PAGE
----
"Day" for "Night" scenes mastering on DVD

Discussion in 'DVD' started by Greg_M, Jul 26, 2003.

  1. Greg_M

    Greg_M Screenwriter

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    Can any one explain "Day" for "Night" scenes and why they seem to get messed up on DVD.

    I as far as I know, a scene is filmed during the "day" then darked in the lab.

    Many times I'll watch a film and see a scene in which car head lights are on, house widows and street lights are lit and the sun is brightly shining as if it were 12 noon.

    Why do the DVD technicians fail to darken the scene? Is it something is done while the film is printed and DVD is transfered from the film negative?
     
  2. Greg_S_H

    Greg_S_H Executive Producer

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    I haven't watched much of the DVD yet, but I believe they make this mistake on Man From Laramie. An early scene is supposed to be set at night judging by the dialog, but it looks like high noon.
     
  3. Robert Crawford

    Robert Crawford Moderator
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    Example, please.





    Crawdaddy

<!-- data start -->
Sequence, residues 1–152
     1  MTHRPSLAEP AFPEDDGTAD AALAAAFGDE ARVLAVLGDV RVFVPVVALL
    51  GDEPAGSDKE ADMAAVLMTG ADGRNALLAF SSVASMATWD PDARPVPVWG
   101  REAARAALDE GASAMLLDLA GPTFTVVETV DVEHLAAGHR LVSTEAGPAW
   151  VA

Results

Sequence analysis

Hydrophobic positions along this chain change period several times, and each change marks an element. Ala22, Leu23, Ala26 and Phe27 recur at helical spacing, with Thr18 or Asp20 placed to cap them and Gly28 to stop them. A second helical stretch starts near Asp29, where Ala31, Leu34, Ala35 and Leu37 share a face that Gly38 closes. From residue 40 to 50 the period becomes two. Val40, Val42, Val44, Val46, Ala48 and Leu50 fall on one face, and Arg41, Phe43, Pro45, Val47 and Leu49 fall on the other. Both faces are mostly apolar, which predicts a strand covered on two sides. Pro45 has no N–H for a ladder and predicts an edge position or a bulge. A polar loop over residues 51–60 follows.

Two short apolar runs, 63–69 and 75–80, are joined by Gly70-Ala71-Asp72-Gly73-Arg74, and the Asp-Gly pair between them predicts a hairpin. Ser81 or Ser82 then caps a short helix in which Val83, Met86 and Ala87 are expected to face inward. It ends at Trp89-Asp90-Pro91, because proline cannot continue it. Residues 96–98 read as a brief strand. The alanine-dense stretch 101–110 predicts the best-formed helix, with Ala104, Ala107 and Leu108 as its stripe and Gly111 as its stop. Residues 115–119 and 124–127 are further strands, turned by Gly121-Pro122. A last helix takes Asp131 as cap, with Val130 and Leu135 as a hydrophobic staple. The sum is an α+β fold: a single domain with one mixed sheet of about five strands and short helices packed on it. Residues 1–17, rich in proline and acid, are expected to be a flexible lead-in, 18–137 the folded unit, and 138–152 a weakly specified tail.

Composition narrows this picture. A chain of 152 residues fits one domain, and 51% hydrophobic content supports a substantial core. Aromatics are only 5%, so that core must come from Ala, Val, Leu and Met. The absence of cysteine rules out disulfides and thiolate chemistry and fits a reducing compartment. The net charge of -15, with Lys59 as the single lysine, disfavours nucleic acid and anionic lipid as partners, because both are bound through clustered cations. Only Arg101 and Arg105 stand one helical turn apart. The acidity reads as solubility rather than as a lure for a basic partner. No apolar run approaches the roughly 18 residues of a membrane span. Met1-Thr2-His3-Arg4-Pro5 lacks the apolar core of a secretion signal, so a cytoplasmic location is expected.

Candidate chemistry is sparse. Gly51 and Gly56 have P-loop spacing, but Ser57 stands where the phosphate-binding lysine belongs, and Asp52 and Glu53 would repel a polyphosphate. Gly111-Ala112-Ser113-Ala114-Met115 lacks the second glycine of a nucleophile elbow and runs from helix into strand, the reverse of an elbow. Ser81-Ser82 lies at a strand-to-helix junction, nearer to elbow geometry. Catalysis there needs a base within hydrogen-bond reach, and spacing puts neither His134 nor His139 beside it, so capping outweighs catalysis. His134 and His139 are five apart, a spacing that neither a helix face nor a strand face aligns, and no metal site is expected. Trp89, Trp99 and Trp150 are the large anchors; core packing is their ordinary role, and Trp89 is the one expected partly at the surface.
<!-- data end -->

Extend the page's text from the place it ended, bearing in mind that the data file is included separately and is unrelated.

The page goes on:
4. Dick

    Dick Producer
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    A good example of this error can be found during two sequences of JASON AND THE ARGONAUTS. Every Columbia edition of this film presents the harpy capture and an earlier sequence much too bright. Criterion's laser disc edition corrected this (and the film also had a running commentary by Harryhausen!), which is why wish more studios still licensed out their product to Criterion.
     
  5. Jonathan

    Jonathan Second Unit

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    Almost all of the night scenes on the island in Cast Away were filmed day for night. They go into the process and how it is done on the 2 disc edition. Fascinating stuff.
     
  6. Robert Harris

    Robert Harris Archivist
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    With the creation of higher speed negative stocks, there seems to be less day for night material produced.

    One of the major reasons for day for night was that before these high speed stocks, night for night shooting would yield an extremely thin negative, with virtually no image.

    There are a number of night for night shots in LoA during the crossing of the Nefud.

    RAH
     
  7. Jon Robertson

    Jon Robertson Screenwriter

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    It should be noted that, occasionally, inaccurately processed day-for-night shots have been thankfully corrected while being telecined for DVD. Two examples I can think of is Blue Underground's exceptional remastering of The Crazies and Criterion's beautiful transfer of Lord of the Flies. In both instances the filmmakers express their delight at the changes on the discs' commentary tracks.
     

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